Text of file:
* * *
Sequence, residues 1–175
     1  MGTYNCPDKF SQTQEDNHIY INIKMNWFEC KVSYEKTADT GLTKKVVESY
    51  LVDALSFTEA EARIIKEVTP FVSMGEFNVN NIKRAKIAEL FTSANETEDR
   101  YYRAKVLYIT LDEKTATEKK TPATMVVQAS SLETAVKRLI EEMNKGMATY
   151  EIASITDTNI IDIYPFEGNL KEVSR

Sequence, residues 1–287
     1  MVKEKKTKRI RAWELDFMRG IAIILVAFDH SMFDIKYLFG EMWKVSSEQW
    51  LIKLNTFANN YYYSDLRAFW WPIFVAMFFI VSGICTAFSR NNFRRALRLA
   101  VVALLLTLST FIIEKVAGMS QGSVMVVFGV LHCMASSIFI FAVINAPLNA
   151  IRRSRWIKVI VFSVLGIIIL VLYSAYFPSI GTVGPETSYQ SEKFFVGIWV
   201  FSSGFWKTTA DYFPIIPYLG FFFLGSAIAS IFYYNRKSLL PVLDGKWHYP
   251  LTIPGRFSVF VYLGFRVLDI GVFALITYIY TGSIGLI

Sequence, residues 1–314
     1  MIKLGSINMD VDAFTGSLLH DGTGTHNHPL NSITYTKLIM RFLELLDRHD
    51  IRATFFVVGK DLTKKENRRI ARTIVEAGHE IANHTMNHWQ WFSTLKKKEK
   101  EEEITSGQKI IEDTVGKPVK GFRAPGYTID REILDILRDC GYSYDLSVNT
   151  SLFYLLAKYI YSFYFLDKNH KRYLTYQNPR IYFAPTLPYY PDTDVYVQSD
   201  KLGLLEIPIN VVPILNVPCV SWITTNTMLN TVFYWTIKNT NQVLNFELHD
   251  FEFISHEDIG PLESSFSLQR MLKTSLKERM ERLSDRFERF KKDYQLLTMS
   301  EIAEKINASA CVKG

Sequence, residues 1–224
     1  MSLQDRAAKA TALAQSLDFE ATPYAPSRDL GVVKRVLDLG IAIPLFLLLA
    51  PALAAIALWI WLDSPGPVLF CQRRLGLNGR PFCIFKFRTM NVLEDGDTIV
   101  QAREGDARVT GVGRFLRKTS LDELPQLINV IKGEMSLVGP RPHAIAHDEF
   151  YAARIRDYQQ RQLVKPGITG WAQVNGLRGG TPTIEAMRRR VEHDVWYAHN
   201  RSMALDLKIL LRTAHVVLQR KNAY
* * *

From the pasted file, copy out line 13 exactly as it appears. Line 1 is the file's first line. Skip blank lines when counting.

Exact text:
Sequence, residues 1–314